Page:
TO COMBAT the impact of the financial crisis and unemployment the Education Ministry has recommended that state-financed universities admit more students than they originally planned for the upcoming academic year.
Under the plan, 5,000 additional students could enrol in the universities this autumn, the Sme daily reported.
“It is a joint initiative of the prime minister and the Education Ministry to fight against the economic crisis,” the ministry’s spokesperson Dana Španková told Sme, adding that the plan would prevent the high-school graduates from going on the unemployment rolls and at the same time give them the opportunity to improve their qualifications.
“The crisis has been around since January, so why are the students all of a sudden to be the solution now, if three weeks ago they weren’t?” Sme quoted Renáta Králiková from the Slovak Governance Institute think-tank.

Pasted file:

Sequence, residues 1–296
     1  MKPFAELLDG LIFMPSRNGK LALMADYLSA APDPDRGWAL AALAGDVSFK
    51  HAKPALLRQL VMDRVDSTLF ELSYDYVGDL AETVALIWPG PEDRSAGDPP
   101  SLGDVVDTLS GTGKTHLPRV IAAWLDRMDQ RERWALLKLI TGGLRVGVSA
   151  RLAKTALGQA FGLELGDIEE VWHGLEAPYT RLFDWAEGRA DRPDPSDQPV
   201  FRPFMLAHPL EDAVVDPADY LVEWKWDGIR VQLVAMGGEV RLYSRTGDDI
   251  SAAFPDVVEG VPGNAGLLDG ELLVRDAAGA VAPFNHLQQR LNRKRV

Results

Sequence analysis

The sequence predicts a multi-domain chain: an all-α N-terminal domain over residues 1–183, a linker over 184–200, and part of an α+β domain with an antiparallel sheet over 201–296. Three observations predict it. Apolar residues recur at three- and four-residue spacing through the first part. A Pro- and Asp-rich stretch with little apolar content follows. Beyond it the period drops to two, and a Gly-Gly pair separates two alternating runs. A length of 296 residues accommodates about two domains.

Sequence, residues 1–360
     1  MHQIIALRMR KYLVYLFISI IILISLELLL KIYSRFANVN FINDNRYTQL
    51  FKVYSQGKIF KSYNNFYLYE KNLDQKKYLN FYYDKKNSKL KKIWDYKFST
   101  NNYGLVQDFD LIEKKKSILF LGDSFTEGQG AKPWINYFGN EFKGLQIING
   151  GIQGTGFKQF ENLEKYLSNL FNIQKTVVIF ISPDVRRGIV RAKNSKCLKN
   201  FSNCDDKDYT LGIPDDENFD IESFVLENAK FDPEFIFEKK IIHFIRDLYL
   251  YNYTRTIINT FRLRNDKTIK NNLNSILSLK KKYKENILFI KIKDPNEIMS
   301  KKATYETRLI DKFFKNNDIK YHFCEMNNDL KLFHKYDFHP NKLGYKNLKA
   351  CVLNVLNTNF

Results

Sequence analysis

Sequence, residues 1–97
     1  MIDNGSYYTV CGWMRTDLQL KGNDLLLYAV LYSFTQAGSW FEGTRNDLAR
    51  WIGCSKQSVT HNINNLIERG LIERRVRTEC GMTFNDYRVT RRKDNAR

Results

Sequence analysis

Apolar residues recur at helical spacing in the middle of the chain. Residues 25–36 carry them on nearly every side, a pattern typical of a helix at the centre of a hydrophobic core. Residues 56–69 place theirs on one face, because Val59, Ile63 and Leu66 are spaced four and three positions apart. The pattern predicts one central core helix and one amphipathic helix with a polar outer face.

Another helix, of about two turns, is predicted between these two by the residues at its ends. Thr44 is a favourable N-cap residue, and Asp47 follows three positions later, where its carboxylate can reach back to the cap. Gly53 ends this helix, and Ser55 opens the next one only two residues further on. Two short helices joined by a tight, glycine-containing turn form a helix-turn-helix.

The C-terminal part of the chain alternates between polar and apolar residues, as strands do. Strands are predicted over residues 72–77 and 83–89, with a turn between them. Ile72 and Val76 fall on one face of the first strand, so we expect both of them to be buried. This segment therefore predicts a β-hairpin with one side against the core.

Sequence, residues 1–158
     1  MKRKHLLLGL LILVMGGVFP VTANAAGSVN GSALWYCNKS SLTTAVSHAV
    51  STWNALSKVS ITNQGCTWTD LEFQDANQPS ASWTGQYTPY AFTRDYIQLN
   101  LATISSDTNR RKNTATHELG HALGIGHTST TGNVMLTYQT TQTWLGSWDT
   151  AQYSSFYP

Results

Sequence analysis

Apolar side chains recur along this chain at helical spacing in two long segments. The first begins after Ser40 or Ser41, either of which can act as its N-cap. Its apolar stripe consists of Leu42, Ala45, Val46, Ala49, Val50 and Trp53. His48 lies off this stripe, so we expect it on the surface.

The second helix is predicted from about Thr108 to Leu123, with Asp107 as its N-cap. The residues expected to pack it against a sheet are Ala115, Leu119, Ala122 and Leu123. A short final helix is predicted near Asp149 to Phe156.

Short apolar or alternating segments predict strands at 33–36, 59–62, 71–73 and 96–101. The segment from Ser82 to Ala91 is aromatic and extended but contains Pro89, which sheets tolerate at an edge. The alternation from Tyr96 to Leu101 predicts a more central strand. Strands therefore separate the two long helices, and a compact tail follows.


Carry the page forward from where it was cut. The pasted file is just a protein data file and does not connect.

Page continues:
According to Sme, many universities have limited the number of students they will admit this year, because of one criterion in particular which is used in deciding their accreditation: the number of students per teacher.
Without adding staff, universities with too many students risk losing their status and being downgraded to higher-education institutions.
A downgrade would mean less money from the state budget.
Education Minister Ján Mikolaj promised the universities that the additional students they admit would not be considered in the accreditation process next year.
However, some rectors are worried that after the 2010 election when the ministry changes, this promise might be forgotten, Sme wrote.
3. Aug 2009 at 0:00 | Compiled by Spectator staff